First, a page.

Designed by a team of passionate foodies and healthy lifestyle devotees, eHealthPath.com offers a fresh outlook on meal preparation, nutrition and the virtues of eating well. Armed with a firm belief that the kitchen is the most important room in the home, the eHealthPath team provides online on-demand cooking courses for everyone—from fast food junkies and kitchen skeptics to serious cooks. Real food for real life, presented in a bright, structured curriculum and packed with exciting new ways to think about food, flavor and nutrition.

Whole Foods Vs. Supplements – Are Whole Foods Really Enough?

Share Button

By Jordan Layton

vitaminsSupplements have become tremendously popular in recent years, not only among athletes, but also among everyday people seeking the keys to youth, vitality and longevity. It seems there isn’t a disease or ailment in existence that can’t be prevented by regular consumption of a specific vitamin, mineral, herb or other nutrient. With so many different products on the market, you might find yourself wondering if it’s even possible to optimize your health without the use of supplements.

The Benefits of Whole Foods

Fortunately, the answer to that question is yes. By eating a variety of the right whole foods, you can achieve high levels of dietary health and physical fitness. In fact, research finds that whole foods are actually a far better option than supplements alone. The reason for this is what is known as Food Synergy or Nutritional Synergy.

Food Synergy

The vitamins and minerals found in a given food are not the only ingredients that offer health benefits.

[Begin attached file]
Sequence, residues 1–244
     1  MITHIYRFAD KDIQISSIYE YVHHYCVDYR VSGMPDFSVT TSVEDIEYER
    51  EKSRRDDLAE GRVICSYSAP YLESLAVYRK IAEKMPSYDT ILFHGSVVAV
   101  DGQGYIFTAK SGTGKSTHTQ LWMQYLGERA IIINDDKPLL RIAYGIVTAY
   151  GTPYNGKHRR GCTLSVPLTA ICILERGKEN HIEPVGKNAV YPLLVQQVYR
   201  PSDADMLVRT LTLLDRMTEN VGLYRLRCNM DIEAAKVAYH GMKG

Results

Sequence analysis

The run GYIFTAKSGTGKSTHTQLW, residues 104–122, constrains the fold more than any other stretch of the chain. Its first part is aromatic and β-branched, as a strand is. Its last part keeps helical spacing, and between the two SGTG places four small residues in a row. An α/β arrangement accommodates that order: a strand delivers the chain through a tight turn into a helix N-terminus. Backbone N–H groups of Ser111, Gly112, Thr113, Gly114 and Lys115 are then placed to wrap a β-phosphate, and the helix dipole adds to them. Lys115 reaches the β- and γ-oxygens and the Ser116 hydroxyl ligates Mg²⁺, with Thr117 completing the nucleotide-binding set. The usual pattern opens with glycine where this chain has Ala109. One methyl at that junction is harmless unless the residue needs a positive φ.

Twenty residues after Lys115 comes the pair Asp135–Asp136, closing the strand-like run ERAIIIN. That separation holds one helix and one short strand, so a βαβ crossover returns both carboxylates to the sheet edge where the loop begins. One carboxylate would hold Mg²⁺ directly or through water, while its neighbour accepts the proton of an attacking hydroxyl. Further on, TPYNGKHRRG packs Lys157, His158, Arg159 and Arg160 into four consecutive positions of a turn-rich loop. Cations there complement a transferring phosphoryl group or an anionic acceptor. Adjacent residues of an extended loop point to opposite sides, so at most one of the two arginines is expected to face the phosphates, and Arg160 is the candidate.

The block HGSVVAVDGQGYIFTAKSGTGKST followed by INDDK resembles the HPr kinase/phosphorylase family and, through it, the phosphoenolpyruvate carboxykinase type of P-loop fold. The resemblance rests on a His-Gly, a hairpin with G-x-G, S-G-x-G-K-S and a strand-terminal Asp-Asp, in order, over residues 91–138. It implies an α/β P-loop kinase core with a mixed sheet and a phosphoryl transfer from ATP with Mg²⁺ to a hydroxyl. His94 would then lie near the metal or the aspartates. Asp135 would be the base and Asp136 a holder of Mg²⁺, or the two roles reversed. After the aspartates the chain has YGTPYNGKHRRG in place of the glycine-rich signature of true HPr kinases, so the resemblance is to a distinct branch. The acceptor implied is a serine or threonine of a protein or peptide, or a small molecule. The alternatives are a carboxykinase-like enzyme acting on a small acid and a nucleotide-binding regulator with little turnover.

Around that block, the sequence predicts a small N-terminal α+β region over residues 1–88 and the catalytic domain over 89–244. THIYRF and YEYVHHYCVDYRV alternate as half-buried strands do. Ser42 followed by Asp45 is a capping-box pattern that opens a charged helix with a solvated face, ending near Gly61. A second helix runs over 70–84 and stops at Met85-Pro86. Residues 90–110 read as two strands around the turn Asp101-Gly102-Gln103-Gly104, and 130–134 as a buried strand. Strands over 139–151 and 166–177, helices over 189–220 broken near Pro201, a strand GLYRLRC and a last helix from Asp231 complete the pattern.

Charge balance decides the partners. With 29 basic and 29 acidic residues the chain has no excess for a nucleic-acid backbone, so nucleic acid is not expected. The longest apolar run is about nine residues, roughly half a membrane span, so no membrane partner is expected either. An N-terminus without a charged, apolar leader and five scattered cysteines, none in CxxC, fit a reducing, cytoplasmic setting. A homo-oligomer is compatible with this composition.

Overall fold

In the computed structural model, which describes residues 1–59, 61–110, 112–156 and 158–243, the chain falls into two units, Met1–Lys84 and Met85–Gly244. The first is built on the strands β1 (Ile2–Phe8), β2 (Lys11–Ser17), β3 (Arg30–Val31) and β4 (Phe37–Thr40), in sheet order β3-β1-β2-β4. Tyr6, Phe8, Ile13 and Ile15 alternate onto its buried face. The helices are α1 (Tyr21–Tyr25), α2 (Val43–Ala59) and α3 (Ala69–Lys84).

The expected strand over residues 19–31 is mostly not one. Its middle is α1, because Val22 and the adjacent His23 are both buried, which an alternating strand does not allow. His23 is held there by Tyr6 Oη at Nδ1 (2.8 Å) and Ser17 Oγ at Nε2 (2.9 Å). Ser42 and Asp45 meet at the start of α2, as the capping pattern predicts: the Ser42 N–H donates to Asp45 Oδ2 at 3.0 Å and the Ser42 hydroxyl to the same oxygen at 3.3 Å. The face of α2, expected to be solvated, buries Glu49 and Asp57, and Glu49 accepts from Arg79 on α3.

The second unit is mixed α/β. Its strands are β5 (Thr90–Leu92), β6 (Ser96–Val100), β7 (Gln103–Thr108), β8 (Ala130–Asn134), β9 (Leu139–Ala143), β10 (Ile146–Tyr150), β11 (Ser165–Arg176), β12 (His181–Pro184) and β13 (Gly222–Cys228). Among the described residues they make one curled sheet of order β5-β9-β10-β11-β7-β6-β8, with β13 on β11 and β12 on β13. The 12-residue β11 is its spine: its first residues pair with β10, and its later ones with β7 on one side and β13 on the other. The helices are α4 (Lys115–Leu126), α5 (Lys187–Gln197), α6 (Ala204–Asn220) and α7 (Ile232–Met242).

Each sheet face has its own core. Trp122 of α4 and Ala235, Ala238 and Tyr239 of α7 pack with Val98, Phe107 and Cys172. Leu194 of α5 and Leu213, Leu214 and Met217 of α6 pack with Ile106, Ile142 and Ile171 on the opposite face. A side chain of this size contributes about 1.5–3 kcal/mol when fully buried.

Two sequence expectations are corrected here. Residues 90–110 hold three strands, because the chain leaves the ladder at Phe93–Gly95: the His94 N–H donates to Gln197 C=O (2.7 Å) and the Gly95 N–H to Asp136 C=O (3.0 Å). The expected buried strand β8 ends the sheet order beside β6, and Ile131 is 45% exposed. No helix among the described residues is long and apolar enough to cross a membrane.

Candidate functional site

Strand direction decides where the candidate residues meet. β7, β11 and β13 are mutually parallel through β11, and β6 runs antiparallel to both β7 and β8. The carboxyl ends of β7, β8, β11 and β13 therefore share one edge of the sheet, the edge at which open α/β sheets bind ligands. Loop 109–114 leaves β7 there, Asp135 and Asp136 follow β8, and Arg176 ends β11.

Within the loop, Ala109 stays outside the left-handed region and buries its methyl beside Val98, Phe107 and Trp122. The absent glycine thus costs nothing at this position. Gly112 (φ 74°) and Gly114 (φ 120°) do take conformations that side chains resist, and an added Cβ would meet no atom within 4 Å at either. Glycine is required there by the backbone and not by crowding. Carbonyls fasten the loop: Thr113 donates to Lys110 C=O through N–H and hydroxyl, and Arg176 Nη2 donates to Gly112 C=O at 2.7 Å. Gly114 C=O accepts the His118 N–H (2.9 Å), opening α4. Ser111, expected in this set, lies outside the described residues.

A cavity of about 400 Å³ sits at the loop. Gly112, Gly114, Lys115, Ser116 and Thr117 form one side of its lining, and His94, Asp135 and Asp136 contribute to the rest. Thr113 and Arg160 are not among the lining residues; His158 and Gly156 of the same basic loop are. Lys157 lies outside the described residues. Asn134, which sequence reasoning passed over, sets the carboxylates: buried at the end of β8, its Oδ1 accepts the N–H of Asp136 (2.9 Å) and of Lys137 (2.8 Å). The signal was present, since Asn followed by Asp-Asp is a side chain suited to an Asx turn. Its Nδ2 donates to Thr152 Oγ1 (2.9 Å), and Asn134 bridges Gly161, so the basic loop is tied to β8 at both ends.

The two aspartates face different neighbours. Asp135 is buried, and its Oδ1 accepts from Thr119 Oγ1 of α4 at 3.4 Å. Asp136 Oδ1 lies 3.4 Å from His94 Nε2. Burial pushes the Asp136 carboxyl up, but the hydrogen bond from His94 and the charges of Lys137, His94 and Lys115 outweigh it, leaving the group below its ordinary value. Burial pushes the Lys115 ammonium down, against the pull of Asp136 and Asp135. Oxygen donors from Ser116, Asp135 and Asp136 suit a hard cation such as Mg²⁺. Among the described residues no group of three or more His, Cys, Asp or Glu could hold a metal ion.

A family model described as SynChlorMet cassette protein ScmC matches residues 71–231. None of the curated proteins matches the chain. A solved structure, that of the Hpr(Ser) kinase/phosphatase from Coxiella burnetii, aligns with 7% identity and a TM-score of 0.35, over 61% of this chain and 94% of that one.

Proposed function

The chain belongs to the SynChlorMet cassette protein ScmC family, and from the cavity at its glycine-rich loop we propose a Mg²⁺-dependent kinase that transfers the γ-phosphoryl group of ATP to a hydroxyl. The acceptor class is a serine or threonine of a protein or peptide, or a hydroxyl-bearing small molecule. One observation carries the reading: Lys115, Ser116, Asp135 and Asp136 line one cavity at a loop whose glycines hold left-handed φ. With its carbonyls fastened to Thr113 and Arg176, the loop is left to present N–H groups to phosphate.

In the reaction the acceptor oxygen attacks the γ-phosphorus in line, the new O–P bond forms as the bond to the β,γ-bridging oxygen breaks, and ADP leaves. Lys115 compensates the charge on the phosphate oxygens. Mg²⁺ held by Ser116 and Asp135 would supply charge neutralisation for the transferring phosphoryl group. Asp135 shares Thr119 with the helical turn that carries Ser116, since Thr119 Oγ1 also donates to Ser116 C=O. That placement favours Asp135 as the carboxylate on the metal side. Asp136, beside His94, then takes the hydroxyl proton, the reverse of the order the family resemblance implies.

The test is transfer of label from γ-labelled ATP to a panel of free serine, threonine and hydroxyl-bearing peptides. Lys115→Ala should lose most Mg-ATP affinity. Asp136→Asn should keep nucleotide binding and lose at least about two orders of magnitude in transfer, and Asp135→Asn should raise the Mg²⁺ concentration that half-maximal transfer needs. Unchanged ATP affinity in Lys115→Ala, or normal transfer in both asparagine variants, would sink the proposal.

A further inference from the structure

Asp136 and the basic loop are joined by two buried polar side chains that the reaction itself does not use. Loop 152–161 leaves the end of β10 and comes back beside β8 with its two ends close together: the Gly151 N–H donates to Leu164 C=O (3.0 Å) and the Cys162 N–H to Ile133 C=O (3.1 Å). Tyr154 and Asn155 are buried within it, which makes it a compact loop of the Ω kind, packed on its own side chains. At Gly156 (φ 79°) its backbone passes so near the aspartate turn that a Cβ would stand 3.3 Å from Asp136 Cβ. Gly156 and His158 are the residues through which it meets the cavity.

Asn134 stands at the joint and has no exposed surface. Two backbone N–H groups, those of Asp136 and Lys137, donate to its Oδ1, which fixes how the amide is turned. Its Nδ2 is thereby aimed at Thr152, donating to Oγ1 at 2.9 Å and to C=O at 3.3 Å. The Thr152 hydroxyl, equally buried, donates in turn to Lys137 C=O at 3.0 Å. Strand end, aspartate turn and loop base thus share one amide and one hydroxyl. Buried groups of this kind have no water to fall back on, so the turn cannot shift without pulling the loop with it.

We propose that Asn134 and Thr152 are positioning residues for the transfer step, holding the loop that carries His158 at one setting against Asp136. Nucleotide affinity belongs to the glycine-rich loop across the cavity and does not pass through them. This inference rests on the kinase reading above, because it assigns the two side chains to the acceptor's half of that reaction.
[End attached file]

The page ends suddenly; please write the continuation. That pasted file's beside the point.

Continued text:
The vitamins and minerals found in a given food are not the only ingredients that offer health benefits. They are interlinked with various other biological compounds. This interactive system of commonly known nutrients and their counterparts is believed to be the real source of nutrition, not just the vitamins and minerals themselves.

For example, the phytonutrient Lycopene (most notably found in tomatoes) was discovered to help prevent prostate cancer. Interestingly, studies tracking the use of synthetic Lycopene supplements have provided inconclusive results with regard to cancer prevention. But studies focusing on the consumption of tomato sauce consistently showed that just two servings a week could reduce the risk of prostate cancer by as much as 23%.

The Biological Web of Nutrition

Essentially, what researchers are finding is that calcium, vitamin C and pretty much all other nutrients are not solely responsible for the benefits they are expected to provide. It is the combination of said nutrients and their entire biological web of interlinking compounds that give our bodies the nourishment they need. Supplements offer just one link in that complex chain. You wouldn’t expect a plant to grow without sunshine and water. Likewise, you can’t expect five oranges worth of vitamin C tablets to provide you with the same nutritional benefits as five actual oranges would.

Supplements Step In

That’s not to say that supplements are unhealthy or even useless. It’s just that they were never meant to replace nutrients that are available in whole foods. The intended use of a supplement is communicated in its name. It’s meant to supplement your diet and provide some nutrition where there might be a deficiency. Used in this way, they make an excellent addition to your whole foods diet.
Bio

– Jordan Layton is a professional health and wellness writer for Sports Nutrition.